West Virginia

Conservation Goes Underground

By Randy Edwards

Caves make Ashton Berdine uncomfortable. It’s not just the inky darkness or the cold water or the tight, muddy passageways, he explains. There’s also the vivid memory of a cave survey that involved a dead raccoon blocking his route through an 18-inch high tunnel.

He shudders a little at the memory. “I’m not crazy about caving,” he admits. Still it’s his job, as the private lands manager for The Nature Conservancy in West Virginia, to survey the properties that are being reviewed for protection. This has kept him busy lately, as this year alone the Conservancy has protected more than 1,000 acres of cave country in West Virginia’s Central Appalachian Mountains, preserving a rarely seen but fascinating part of the state’s natural heritage.   

Cave Conservation

So when presented with a one-foot by two-foot opening in a sinkhole on a particularly porous piece of land near Elkins, Berdine gamely crawled in, following biologist Dan Feller to find out what lived under the ground.

“We found the stream channel right away, and the water was just rushing through there,” Berdine recalls. “And it was cold!” Then the light from his headlamp illuminated a beautiful sight – a larger room, about six feet wide and three feet high, carved by the underground stream and decorated with white, straw-shaped stalactites that hung like curtains from the ceiling.

But there was more than fancy rock formations. The survey – and later inspections of caves in the area – turned up Virginia big-eared bats and a wealth of life forms found only underground, including colorless, cave-dwelling insects – called springtails – and a rare millipede.

In March, that cave and five others like it were protected in an agreement that conserved 272 acres of mountainside in Randolph County. In the agreement, the Conservancy purchased a conservation easement – a legal agreement that allows a private landowner to maintain ownership of property while restricting certain uses. In this case, the easement will permanently prevent commercial logging, mining and residential development on the property, which is surrounded by the Monongahela National Forest.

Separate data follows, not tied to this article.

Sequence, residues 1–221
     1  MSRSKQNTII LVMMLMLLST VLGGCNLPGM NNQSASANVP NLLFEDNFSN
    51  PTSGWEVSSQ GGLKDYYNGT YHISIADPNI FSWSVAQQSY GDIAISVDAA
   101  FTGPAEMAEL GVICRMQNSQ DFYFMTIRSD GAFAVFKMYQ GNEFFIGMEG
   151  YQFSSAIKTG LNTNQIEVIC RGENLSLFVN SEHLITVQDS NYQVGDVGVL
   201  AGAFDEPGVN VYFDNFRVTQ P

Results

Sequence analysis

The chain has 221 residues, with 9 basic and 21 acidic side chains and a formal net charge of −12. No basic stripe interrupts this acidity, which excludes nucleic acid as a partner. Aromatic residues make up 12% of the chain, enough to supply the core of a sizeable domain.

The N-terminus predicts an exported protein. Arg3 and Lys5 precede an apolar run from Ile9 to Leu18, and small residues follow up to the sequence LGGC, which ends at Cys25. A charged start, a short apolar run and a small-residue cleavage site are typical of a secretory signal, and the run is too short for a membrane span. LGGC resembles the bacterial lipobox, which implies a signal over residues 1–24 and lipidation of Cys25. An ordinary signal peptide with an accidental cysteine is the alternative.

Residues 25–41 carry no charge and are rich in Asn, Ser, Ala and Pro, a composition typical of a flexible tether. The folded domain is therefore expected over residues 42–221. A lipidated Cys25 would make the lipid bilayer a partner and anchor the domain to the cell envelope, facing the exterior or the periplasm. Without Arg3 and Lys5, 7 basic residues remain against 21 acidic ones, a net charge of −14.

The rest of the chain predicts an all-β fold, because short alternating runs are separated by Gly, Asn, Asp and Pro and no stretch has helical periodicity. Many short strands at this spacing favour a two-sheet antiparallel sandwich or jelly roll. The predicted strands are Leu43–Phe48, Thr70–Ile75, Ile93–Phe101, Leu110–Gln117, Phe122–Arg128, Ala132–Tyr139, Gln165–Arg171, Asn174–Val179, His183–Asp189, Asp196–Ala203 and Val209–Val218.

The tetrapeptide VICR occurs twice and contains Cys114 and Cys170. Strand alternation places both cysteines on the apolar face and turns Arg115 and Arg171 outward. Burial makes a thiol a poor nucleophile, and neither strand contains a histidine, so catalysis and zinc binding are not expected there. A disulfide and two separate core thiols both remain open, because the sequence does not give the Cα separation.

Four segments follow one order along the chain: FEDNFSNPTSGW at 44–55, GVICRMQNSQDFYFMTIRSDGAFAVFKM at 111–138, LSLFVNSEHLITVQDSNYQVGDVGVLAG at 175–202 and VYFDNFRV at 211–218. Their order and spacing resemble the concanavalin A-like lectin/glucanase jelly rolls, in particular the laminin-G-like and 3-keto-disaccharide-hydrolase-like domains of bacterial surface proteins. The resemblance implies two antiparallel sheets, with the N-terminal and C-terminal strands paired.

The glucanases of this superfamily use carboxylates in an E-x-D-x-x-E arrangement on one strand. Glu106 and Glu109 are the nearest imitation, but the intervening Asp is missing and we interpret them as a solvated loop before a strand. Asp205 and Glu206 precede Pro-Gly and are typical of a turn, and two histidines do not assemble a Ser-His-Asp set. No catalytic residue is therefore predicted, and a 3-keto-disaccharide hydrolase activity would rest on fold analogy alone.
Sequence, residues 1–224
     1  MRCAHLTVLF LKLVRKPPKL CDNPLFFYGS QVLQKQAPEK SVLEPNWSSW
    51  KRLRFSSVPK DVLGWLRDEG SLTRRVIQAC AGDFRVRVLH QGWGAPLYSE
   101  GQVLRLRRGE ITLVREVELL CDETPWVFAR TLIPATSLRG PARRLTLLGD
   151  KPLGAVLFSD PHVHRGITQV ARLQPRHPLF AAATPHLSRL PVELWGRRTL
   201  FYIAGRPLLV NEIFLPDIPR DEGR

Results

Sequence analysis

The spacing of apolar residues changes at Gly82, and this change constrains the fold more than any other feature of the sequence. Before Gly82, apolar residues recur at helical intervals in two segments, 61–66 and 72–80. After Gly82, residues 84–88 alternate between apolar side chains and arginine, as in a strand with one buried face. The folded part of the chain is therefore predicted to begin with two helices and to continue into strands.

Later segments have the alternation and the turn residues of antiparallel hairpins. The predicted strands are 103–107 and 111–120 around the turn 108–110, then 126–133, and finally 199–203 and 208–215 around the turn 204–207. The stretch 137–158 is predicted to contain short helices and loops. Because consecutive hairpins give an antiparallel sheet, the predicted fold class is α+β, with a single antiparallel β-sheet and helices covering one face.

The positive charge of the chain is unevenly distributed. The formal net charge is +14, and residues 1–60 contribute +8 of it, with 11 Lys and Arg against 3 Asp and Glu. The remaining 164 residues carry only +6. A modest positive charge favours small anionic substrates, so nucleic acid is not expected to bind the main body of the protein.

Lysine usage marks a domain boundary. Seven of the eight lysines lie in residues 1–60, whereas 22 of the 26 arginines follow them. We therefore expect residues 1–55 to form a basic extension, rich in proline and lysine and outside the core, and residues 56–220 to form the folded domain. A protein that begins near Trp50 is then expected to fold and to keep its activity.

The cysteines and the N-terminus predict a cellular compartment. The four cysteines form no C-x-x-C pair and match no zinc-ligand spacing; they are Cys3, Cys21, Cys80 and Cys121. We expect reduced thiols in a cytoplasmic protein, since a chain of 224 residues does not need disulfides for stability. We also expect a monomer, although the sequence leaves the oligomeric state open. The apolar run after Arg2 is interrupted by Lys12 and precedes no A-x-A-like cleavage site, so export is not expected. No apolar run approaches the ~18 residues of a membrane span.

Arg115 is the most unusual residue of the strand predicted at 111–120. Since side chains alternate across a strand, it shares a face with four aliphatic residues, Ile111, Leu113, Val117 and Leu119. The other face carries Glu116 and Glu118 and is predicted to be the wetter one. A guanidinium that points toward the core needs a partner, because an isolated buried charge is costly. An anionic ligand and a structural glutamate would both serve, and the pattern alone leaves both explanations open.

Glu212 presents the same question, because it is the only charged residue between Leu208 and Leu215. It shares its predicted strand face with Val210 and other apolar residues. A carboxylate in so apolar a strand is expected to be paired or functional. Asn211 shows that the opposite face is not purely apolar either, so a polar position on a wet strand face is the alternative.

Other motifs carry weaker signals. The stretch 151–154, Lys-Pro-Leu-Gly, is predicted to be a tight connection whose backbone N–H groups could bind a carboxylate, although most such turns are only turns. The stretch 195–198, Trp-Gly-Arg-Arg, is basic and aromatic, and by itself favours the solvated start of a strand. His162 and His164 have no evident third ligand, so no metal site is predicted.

A similar easement was donated to the Conservancy this summer, protecting 934 acres of land near Lewisburg that is covered in forest and pasture and perforated with cave openings, sinkholes, springs and hidden underground streams. This agreement, between the Conservancy, Greenbrier County Farmland Protection Board, and the landowner, Dr. Jann Holwick, protects the rare subterranean habitat below and the fresh water that flows through it, while allowing the landowner to continue farming in an area where farmland is rapidly being lost.

The land projects completed this year are the most recent examples of how the Conservancy has been protecting cave and karst habitat throughout West Virginia. Earlier conservation efforts safeguarded the Conservancy-owned General Davis Cave and Piercy’s Cave, located not far from the Holwick land easement.

Subterranean Treasures

Karst refers to geology in which the bedrock, usually limestone, reacts with natural chemicals and weathering to form underground caves, sinkholes and streams. These caves, sinkholes and other underground features are home to many endangered plants, bats, rare cave-dwelling insects and tiny “cave shrimp.”

Most West Virginians won’t ever see these rare wonders, but protecting them is important, all the same. Beyond the intrinsic value of species diversity, conserving cave and karst habitats protects ground water resources and adds to the network of protected land in the biologically rich forests of the Central Appalachian Mountains – a region that runs from Pennsylvania to Tennessee and is considered one of the world’s most diverse broadleaf temperate forest areas.

“The conservation easement land in Randolph County, for example, is a beautiful piece of Appalachian mountainside, with a trout stream and a forest with rare plants like running buffalo clover and white monkshood,” said Rodney Bartgis, West Virginia state director for the Conservancy.  “By protecting these properties we protect groundwater that is important for human uses and the quality of our surface streams. And we protect a host of creatures found only in the cave systems of West Virginia and nowhere else on Earth,” he said.

Randy Edwards is a senior media relations manager at The Nature Conservancy


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